Patna: Ignoring a warning by the Bihar Government, nearly 4.5 lakh contractual school teachers across the state began an indefinite strike on Monday for their eight-point demands including ‘equal pay for equal work’ and reverting to the old pension scheme.
Two days ago, the state government warned the thousands of contractual school teachers against going on their proposed indefinite strike from February 17, issuing directives that harsh action would be taken against them.
Meanwhile, the Class 10 exam of Bihar School Examination Board (BSEB) began amid the strike by teachers’, the main resource in government-run schools. The Board now faces a challenge in conducting the examination smoothly.
The state education department is adamant against a dialogue with the agitated teachers and the state government has warned them against the strike, announcing “alternate measures” and pay cuts. BSEB chairman Anand Kishor said the board has roped in teachers from government-aided schools and other staff at district level as invigilators for the examination.
According to officials, the board requires at least 65,000 teachers as invigilators in an examination to be taken by more than 15 lakh students. The state has 36,000 regular permanent school teachers.
The call for a strike was given by the Bihar Rajya Shikshak Sangharsh Samanvay Samiti, a joint platform of 26 school teacher associations.
“All contractual school teachers, also known as Niyojit Shikshaks, joined the strike,” said Prem Kumar Chandra, a leader of the Samiti. “We are not afraid of government directives to take harsh action against us. Our resolve to fight united for the old demands is clear,” he added.
Bihar Education Minister Krishnandan Prasad Verma has again appealed to teachers asking them to call off their strike due to the Class 10 examinations. Verma said the strike by teachers during exams would cause inconvenience to students as well. “If teachers go on strike, as announced by them, the department will make alternate arrangements in their absence from duty. We will conduct exams,” he said.
The minister also said that striking teachers would be marked absent and their salary would be deducted on the principle of ‘no work no pay’.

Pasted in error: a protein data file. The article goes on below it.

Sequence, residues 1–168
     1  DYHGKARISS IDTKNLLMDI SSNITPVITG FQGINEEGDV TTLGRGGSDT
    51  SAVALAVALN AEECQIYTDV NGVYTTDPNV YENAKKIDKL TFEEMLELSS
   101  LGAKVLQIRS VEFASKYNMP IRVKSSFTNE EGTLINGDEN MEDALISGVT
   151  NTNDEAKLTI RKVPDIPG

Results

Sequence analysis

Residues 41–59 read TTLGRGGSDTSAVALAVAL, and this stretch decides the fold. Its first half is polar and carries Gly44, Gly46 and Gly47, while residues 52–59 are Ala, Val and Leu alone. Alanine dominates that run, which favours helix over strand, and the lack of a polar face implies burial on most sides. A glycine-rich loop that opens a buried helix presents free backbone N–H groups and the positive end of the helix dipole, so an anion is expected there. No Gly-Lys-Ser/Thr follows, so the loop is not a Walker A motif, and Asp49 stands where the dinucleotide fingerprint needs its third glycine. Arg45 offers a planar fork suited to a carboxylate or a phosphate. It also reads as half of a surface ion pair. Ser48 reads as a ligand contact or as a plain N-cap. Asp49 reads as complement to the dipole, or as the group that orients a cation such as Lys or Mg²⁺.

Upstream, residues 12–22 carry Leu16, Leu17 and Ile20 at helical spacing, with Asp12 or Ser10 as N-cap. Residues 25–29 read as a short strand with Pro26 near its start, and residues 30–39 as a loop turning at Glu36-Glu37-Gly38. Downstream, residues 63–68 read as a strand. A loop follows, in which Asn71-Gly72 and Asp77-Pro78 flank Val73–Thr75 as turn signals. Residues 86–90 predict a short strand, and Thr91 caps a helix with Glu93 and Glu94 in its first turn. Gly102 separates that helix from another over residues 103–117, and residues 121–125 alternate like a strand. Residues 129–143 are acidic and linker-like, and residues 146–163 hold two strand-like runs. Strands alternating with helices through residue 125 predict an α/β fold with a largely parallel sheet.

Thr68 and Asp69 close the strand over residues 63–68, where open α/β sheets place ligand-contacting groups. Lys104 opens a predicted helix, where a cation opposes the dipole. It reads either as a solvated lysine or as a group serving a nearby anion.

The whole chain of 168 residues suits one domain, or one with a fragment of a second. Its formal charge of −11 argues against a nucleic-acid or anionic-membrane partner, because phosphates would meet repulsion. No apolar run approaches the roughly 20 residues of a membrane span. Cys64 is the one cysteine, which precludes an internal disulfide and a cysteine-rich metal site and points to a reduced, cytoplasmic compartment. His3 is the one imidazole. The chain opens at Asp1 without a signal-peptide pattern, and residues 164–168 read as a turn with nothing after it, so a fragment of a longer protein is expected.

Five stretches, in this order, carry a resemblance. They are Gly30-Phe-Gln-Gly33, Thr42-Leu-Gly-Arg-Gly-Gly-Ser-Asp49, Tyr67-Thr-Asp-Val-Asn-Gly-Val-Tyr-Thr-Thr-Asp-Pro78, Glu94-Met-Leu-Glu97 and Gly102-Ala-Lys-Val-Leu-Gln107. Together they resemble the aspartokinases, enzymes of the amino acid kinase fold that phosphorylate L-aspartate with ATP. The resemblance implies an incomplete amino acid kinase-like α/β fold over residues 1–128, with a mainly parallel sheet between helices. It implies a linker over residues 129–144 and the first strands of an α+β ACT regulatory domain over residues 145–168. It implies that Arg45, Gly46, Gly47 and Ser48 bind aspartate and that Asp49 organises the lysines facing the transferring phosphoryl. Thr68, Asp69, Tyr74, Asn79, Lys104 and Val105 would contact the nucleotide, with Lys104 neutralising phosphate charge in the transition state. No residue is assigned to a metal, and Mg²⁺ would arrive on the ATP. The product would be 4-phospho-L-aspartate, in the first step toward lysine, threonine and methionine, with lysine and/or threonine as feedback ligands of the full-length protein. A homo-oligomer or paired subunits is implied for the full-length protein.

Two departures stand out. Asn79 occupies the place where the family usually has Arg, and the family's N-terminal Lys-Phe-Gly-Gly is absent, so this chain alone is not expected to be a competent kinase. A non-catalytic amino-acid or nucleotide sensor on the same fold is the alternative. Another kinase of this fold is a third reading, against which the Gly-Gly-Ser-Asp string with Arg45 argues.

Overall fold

Last week, the education department directed all mukhiyas (village body head), Block Development Officers (BDOs), district Panchayati Raj officers and Deputy Development Commissioners (DDCs) to initiate disciplinary action against teachers if they go on strike, hamper Class 10 exams, or if they boycotted the checking of answer sheets of Class 12th examinations that concluded recently. A top officer has also instructed the officials concerned to take tough action, including dismissal from service while asking them to identify all such teachers who lead various teachers associations or organisations and take action against them.
Worried by the strike, the state education department has set up a monitoring cell to keep a close watch on the strike. “The monitoring cell will collect information related to ‘indiscipline’ of teachers during exams and will recommend action against them,” said Sushil Kumar, an officer in the department.
The Samiti has made it clear that teachers would not end the strike and would not undertake invigilation duty in Class 10 examinations.
The Bihar State Primary Teachers’ Association President and convener of Samiti, Brajnandan Sharma, said they are sure that all the teachers will join the strike to “fight for our rights. We will lock the gates of the schools and there will be no classes. The teachers will also boycott invigilation duty to put pressure on the government to fulfill our long-pending demand for equal pay for equal work,” Sharma added
Bhola Paswan, co-convenor of Samiti, told NewsClick that teachers were not just unhappy but also angry with Chief Minister Nitish Kumar for “deliberately ignoring” their demands of a salary at par with permanent teachers working in various state government schools.
“We have been raising our demands – equal pay for equal work – for several years but the government has been using different measures to suppress our voices,” said Premchand, another Samiti leader.
After the Supreme Court’s decision in favour of the state government in May 2019, thousands of contractual school teachers in Bihar were upset.
Setting aside the Patna High Court (HC) judgement, the Supreme Court refused to regularise jobs of contractual teachers in Bihar. Many contractual school teachers had threatened to protest against the verdict after the summer vacation.
The state government had challenged the HC’s order which had ruled that contractual teachers in government schools were entitled to a salary at par with those that were permanent.
Last month, school teachers boycotted Nitish Kumar’s much-hyped human chain to raise awareness on environment conservation in protest against the government's failure to fulfill their demands. They had also boycotted the official Teachers’ Day in September 2019 by protesting across the state.